11. 4 out of 5

    Jen

    My favourite decade - the 70’s. Bell bottoms, disco, hippies, drugs ...and rock and roll, Baby. This is a unique biographical fictional account -Also being dubbed an oral history, of the brief claim to fame this duo had and a chance, decades later, for a reunion. In New York City, a showcase concert is about to take place. Opal & Nev have released an album but it’s not getting any attention. The event is arranged with The Bond Boys (red neck hoodlums) being the headline. But some shit goes down invo My favourite decade - the 70’s. Bell bottoms, disco, hippies, drugs ...and rock and roll, Baby. This is a unique biographical fictional account -Also being dubbed an oral history, of the brief claim to fame this duo had and a chance, decades later, for a reunion. In New York City, a showcase concert is about to take place. Opal & Nev have released an album but it’s not getting any attention. The event is arranged with The Bond Boys (red neck hoodlums) being the headline. But some shit goes down involving a confederate flag and I give zero fucks black singer, Opal, is not about to let them hang out their racial laundry. In a swift turn of events, chaos ensues and the drummer, Jimmy, is murdered protecting her. This was a jolting read. Written by Jimmy’s daughter, Walton. She Interviewed Nev, Opal and some other key players. But Opal, what a woman. An activist in the most powerful sense; a rebel in many others. But unique and original and not afraid to stand up for her rights. What’s the most disturbing is the deep racial tensions that still exist today. The injustice that remains. 4⭐️

  12. 4 out of 5

    Trisha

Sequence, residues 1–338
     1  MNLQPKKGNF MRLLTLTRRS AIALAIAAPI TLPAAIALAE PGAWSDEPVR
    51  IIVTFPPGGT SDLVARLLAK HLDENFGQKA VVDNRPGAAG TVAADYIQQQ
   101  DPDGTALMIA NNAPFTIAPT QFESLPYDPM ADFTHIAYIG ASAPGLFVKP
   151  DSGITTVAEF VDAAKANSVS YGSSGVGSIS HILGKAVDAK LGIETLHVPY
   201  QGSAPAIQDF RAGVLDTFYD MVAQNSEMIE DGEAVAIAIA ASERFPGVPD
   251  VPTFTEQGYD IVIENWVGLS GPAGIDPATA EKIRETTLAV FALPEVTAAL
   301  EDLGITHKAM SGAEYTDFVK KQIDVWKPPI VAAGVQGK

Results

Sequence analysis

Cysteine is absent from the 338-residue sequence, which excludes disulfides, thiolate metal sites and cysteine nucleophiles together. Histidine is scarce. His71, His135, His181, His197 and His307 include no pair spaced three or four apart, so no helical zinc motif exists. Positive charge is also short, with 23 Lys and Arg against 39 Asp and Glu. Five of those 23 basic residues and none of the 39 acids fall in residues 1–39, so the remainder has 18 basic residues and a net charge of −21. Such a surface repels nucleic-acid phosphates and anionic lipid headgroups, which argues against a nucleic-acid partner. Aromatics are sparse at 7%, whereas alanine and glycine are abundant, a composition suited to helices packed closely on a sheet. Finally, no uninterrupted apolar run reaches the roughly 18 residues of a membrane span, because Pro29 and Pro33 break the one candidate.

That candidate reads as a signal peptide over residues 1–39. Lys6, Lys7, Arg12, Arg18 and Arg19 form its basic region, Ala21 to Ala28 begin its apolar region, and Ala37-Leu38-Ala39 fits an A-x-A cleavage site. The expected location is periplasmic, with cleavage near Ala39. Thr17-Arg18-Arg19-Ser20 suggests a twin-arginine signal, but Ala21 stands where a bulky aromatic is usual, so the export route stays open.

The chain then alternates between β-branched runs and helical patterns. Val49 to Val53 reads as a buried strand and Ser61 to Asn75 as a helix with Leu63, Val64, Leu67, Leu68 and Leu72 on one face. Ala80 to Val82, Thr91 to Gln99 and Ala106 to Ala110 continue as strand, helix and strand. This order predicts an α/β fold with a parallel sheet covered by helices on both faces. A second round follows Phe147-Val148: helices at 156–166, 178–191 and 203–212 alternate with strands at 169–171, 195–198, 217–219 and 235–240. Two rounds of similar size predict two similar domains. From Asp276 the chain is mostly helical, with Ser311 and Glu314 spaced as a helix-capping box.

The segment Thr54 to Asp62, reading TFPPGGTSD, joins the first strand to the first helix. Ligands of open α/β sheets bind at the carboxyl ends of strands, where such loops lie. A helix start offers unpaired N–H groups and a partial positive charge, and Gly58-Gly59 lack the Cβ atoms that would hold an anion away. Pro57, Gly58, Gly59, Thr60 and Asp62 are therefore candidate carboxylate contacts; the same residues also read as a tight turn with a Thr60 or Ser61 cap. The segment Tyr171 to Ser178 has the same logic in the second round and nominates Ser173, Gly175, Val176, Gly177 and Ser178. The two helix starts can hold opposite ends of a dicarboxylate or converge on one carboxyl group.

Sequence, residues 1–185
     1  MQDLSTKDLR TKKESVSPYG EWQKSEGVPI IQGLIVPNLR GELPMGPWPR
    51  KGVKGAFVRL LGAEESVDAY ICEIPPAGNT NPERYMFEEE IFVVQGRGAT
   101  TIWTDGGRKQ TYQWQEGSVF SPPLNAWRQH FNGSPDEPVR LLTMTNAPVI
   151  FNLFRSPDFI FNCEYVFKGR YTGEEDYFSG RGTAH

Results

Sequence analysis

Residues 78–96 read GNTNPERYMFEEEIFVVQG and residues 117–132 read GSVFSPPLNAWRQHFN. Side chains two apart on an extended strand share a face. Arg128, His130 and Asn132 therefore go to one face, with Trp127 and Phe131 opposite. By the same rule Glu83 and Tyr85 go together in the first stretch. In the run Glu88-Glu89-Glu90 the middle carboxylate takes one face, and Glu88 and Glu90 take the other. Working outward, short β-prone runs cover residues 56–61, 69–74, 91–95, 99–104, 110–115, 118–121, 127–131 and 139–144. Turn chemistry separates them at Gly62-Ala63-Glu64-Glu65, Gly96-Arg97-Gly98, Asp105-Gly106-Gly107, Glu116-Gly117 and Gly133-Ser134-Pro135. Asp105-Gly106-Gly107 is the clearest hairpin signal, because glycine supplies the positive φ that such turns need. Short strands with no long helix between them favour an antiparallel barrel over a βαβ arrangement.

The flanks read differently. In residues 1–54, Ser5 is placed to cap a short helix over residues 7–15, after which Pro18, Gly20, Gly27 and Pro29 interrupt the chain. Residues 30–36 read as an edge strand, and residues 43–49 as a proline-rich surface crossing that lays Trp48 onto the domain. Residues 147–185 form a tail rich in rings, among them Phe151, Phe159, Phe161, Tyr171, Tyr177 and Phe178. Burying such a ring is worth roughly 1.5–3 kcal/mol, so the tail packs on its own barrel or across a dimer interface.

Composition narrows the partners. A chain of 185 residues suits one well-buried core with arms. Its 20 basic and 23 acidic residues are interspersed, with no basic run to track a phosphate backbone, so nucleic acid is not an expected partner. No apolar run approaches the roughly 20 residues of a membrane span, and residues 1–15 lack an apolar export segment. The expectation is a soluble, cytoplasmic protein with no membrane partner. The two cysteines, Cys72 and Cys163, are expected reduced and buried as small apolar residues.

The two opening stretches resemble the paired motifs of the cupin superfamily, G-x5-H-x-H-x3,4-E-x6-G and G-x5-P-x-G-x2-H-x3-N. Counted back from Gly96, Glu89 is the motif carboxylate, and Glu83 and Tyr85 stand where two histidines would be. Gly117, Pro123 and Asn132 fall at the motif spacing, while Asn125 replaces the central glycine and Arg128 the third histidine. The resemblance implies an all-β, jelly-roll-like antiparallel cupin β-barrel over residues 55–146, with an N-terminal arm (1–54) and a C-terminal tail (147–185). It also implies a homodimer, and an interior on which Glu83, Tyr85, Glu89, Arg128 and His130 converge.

"Isn't that the kind of story we should aim to be telling - how it is that this rock-and-roll music could reach a sheltered Black girl like me, and make her feel not just seen and heard but empowered?." I wanted to love this - I did. For anyone who loved similar stories told in a long magazine type interview way - or ones that are looking for a story with substance and backstory and are relevant now, then you'll probably love this. I just wasn't a fan of the style of writing. It feels disconnected "Isn't that the kind of story we should aim to be telling - how it is that this rock-and-roll music could reach a sheltered Black girl like me, and make her feel not just seen and heard but empowered?." I wanted to love this - I did. For anyone who loved similar stories told in a long magazine type interview way - or ones that are looking for a story with substance and backstory and are relevant now, then you'll probably love this. I just wasn't a fan of the style of writing. It feels disconnected and I didn't like the huge author notes. I still think a novel type telling, especially with the daughter's POV, would have been much more compelling and I would have felt her shock and anger as she learned the secrets she searched for. I did like the peak into 1970's music scene and I did find many parts funny. An e-ARC was provided to me by the author and publishing via Netgalley. This does not affect my opinion regarding the book.